Sunday, August 03, 2008

Tamil 'sha': Unicode to the rescue

In the previous post, I had argued for including the Grantha letter 'sha' in Tamil. I was very happy to find out that Unicode 4.1.0 has already done so. Its code-point is 0x0BB6.

It looks like this version of Unicode was released in March 2005. This means that Tamil fonts created before, such as the default one in Windows XP, will not have this character. If you are interested, you can download the "Lohit" tamil font, which supports the new code-point. It should work on Windows and Linux. (Not sure about Mac.)

As I feared, there were some anti-Sanskrit folks who fought against this character. From a Unicode mailing-list thread on this subject:

Sanskrit is always seen a wanton intrusion [sic] to destroy all Indic languages and cause confusion. Tamil has been defending itself for hundreds of years.... Unicode is not the entity that should decide the demise of the ancient and sophisticated Tamil, like the demise of all other Indic languages.... 0BB6 must be deprecated. 0BB6 was encoded illegally by Unicode.

I am pleasantly surprised that, inspite of this, 0BB6 made it through.

Right now in translipi, I use ச to transliterate 'sha' into Tamil. This is fine for the cases where it is accompanied by a vowel. However, when it appears as a pure consonant or together with other consonants, ச is conventionally pronounced 'cha' in Tamil. This is not very satisfactory; the grantha 'sha' letter fits the bill perfectly here. However, since not many fonts support it yet, translipi will go along with ச for 'sha' for some more time.

6 comments :

Anonymous said...

why is it "not very satisfactory"?
any language makes modifications when it imports foreign words. are you also there to be a "zha" in other languages?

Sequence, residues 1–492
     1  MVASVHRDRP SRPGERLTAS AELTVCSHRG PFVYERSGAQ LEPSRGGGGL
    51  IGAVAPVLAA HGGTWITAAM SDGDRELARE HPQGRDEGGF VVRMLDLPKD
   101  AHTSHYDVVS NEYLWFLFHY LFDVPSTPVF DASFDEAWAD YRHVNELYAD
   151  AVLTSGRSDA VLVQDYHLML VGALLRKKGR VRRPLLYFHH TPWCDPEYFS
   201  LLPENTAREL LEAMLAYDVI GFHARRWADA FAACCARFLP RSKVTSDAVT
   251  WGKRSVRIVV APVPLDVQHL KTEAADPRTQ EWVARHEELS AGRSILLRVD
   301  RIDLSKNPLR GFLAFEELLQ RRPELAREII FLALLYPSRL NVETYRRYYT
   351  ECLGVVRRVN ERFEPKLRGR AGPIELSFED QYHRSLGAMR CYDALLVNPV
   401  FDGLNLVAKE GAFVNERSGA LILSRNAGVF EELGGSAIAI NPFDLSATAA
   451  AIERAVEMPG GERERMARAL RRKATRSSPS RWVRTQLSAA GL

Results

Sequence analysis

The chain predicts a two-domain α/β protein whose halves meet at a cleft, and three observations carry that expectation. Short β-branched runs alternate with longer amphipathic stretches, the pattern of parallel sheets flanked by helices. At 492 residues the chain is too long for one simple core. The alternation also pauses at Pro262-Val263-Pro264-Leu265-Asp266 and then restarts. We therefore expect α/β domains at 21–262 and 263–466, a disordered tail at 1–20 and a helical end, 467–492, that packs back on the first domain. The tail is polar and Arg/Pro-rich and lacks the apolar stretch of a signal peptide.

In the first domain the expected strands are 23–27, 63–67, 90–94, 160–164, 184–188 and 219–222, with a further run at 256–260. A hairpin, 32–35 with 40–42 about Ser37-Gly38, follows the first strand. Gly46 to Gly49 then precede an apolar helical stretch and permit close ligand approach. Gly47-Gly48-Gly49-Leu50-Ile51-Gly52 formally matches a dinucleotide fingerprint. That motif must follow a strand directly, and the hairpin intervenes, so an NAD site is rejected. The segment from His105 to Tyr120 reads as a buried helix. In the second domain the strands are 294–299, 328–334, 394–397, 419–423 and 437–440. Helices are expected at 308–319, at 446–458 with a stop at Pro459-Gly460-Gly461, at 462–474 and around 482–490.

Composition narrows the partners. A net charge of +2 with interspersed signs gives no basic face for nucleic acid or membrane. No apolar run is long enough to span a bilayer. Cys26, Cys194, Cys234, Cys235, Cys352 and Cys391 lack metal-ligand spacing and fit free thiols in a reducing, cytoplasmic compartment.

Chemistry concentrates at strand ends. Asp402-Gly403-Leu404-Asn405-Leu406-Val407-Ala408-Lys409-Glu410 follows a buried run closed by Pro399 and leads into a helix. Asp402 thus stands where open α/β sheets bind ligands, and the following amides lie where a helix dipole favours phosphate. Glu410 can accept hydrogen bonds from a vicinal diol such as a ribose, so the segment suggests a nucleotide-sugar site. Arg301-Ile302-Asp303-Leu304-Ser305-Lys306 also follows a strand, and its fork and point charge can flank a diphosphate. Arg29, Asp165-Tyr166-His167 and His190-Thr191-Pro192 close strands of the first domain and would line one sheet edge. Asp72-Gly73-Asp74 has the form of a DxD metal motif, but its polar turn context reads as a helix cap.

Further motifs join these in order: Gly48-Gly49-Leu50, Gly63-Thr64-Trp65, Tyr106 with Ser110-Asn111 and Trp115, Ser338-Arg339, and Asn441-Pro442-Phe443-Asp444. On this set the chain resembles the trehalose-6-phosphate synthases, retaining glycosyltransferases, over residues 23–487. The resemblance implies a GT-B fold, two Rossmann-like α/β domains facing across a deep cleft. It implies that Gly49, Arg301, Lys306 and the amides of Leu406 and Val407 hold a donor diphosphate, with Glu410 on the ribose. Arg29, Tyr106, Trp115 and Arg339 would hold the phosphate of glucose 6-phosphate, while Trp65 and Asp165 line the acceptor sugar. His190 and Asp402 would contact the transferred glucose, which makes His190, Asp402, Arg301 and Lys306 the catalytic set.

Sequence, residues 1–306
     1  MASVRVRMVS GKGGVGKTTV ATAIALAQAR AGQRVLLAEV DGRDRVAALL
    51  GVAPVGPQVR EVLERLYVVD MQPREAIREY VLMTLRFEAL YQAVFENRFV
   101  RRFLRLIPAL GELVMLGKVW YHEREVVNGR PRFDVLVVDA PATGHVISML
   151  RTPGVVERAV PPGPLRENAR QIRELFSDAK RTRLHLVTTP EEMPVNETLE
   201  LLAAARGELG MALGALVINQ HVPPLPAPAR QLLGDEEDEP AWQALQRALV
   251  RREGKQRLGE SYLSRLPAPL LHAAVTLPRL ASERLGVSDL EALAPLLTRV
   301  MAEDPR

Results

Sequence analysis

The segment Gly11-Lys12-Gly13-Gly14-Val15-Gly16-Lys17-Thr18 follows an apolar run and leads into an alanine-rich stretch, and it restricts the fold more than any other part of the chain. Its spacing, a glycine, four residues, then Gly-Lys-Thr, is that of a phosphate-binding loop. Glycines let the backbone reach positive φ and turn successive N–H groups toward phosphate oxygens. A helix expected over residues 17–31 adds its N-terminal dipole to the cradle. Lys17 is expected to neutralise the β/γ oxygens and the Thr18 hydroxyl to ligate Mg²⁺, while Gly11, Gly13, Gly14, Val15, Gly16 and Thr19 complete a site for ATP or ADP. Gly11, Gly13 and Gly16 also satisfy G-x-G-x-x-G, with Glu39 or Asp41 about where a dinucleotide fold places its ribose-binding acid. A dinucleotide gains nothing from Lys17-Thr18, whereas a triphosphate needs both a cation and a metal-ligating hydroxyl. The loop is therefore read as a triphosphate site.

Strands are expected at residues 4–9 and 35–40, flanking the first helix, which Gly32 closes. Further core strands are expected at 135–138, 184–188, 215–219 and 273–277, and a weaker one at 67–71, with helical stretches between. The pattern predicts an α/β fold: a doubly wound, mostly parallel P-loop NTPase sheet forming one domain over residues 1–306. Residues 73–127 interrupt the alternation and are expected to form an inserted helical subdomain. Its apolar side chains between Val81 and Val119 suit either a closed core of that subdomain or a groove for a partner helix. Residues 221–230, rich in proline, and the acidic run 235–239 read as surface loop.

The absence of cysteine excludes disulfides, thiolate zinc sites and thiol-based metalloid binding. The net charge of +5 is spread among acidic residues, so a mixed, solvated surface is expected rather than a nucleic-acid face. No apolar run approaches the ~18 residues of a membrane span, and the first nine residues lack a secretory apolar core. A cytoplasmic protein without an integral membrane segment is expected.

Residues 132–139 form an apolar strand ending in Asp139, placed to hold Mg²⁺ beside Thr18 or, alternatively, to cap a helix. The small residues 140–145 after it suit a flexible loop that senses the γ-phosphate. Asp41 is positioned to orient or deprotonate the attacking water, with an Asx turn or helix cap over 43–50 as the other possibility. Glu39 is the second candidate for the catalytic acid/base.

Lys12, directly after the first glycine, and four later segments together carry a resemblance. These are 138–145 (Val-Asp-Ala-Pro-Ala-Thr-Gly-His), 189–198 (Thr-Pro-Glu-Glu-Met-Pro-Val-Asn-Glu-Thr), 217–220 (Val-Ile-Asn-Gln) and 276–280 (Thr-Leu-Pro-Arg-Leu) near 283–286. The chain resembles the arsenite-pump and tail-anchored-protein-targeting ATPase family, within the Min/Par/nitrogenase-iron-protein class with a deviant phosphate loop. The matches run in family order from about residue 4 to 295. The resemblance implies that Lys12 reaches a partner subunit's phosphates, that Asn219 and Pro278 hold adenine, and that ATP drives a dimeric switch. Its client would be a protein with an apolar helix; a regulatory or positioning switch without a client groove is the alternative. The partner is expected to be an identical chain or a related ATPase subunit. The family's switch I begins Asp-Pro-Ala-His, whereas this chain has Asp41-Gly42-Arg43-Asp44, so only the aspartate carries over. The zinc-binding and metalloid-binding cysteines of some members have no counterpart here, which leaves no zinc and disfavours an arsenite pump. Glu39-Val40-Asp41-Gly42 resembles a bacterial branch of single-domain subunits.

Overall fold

your argument from venkatesh type names is utterly silly -- if christians can call themselves francis and xavier without begging for extra letters to be introduced into thamizh, ventakesh can just cope.

don't you think it's extrmely late in the day to be raising the flag for importing letters into thamizh to spell sanskrit names?

oh wait, it's never too late for your type.

Srikanth said...

I wonder why you use thamizh. It seems to me that you didn't find tamil very satisfactory.

Anonymous said...

Thanks for posting that Lohit tamil font has support for 'sha'. The picture you have included shows the maatraas joining correctly however when I am using it on XP, I am getting the dashed circle between the letter and maatraas. Is theer soem other setting to be used to get it to work correctly. I am basically helping a friend by transliterating sanskrit to Tamil.

Thanks!

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ANKITH said...

Why dont you stupids learn Devangari to learn all mantras. ru guys wanna attain divinity using tamil neeksh basha.... lazy folks.. learn devangari u can study all mantras with correct sounds.. its deva bhasha..

kennady said...

woo! Tamil language is a Dravidian languages owing to its geographical expansion, for it has spread beyond the frontiers of India. Apart from being the language of forty million people in Tamil Nadu it is the spoken and written language of several millions of Tamils living in Ceylon, Burma, Singapore, Malaysia, Indonesia, South Africa, Fiji Islands and Mauritius.